In the summer of 1983 we were holed up in a cottage in the rolling Shropshire hills just outside Clun. Walking along a woodland track one evening, we encountered a badger, a meeting so rare and magical that the memory of it – the subject of an earlier post on this blog – has remained to this day. Last weekend, back in the same neck of the woods, we had another remarkable encounter – this time with a fox.

Meeting a fox is not that unusual, whether in town or country. But the circumstances of this encounter were strange. We were driving  out of Clun along the A488 when we noticed the fox ambling along the grassy margin at the side of the busy road. We slowed, then stopped, and the fox, possibly a young female, paused too, inquisitive about us and showing no fear of the car. She looked in superb condition, a very fine animal with black-tipped ears and elegant charcoal shading to her white-tipped brush.

For several minutes we watched entranced while she, too, stared back at us.

a fox in her fox-fur
stepping across
the grass in her black gloves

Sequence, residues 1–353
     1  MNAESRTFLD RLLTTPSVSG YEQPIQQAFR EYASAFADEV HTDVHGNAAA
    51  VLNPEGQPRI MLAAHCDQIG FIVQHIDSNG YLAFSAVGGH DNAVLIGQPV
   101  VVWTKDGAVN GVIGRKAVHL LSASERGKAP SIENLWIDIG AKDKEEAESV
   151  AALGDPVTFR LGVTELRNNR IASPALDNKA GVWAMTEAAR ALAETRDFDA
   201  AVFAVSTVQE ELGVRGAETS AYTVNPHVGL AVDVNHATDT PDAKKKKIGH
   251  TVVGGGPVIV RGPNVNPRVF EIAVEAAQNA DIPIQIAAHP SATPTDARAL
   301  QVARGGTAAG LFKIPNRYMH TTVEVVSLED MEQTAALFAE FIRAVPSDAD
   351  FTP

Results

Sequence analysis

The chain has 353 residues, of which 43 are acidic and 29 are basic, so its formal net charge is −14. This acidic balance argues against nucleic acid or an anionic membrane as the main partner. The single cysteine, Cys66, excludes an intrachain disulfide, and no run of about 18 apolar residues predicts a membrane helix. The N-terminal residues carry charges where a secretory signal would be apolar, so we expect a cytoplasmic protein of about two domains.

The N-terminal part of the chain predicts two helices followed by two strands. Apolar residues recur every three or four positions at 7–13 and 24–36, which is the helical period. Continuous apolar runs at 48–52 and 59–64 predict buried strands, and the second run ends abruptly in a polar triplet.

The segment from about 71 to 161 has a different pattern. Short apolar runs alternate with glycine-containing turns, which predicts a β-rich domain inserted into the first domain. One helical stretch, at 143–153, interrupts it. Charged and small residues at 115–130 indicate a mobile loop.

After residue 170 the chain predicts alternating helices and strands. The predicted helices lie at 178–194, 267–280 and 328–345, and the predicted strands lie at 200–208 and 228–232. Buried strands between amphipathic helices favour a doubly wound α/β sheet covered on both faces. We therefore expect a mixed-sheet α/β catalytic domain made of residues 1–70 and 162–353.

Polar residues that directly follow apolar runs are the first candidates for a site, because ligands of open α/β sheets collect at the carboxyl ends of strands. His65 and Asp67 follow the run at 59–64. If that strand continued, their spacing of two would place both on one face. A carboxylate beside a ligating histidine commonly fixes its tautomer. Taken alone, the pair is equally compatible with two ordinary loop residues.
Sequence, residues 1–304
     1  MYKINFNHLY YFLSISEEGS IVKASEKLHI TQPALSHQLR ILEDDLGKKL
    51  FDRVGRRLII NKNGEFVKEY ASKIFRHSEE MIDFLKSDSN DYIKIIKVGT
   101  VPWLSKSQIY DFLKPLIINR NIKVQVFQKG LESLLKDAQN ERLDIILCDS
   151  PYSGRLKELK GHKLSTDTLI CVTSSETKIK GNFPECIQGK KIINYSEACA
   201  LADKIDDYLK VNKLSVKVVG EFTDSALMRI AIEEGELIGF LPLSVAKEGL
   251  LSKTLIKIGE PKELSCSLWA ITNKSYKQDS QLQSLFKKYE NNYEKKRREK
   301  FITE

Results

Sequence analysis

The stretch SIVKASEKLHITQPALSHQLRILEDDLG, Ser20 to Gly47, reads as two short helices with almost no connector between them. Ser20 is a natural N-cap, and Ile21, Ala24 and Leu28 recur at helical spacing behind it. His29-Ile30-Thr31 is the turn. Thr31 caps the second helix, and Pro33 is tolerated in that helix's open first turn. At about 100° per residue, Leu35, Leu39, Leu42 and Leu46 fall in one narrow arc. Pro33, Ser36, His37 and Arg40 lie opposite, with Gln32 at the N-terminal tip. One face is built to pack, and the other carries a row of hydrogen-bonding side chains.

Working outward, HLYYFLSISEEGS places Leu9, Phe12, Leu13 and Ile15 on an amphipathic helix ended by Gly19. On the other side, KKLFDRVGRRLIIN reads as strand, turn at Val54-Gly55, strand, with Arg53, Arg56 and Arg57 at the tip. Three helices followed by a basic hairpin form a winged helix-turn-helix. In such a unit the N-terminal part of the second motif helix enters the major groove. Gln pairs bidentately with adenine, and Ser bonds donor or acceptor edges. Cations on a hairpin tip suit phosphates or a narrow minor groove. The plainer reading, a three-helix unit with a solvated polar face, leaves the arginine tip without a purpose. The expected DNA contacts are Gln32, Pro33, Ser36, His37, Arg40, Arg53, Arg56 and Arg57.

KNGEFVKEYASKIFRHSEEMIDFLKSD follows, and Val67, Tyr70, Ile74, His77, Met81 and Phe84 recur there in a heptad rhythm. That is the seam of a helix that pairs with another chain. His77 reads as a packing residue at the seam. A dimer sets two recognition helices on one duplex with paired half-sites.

It was only when our dog stood up in the back seat and peered at her through the window that the vixen turned tail and disappeared through the hedge.

It isn’t unusual to see a fox during daylight hours. They often hunt for food in the daytime, especially when they’re feeding a litter of hungry cubs – another factor making it likely that our fox was a female.

There was a further twist to this story. Two hours later we returned along the A488 and, at the same spot, saw the fox again – this time on the opposite side of the road. Strange coincidence!

Seeing a wild animal so closely and long enough to study her every detail made for a priceless moment; but, on a busy A road, also provoked fears for her safety – as envisioned in Simon Armitage’s poem, ‘The Fox’:

Standing its ground on the hill, as if it could hide
in its own stars, low down in the west of the sky.
I could hit it from here with a stone, put the torch
in the far back of its eyes. It’s that close.

The next night, the dustbin sacked, the bin-bag
quartered for dog meat, biscuit and bone.

The night after that, six magpies lifting
from fox fur, smeared up ahead on the road.

Alice Oswald expresses the same sense of the animal’s vulnerablity in her poem, ‘Fox’, giving voice to her midnight food-seeking vixen: ‘my life/is laid beneath my children/like gold leaf.’

I heard a cough
as if a thief was there
outside my sleep
a sharp intake of air

a fox in her fox-fur
stepping across
the grass in her black gloves
barked at my house

just so abrupt and odd
the way she went
hungrily asking
in the heart’s thick accent

in such serious sleepless
trespass she came
a woman with a man’s voice
but no name

as if to say: it’s midnight
and my life
is laid beneath my children
like gold leaf

 

See also

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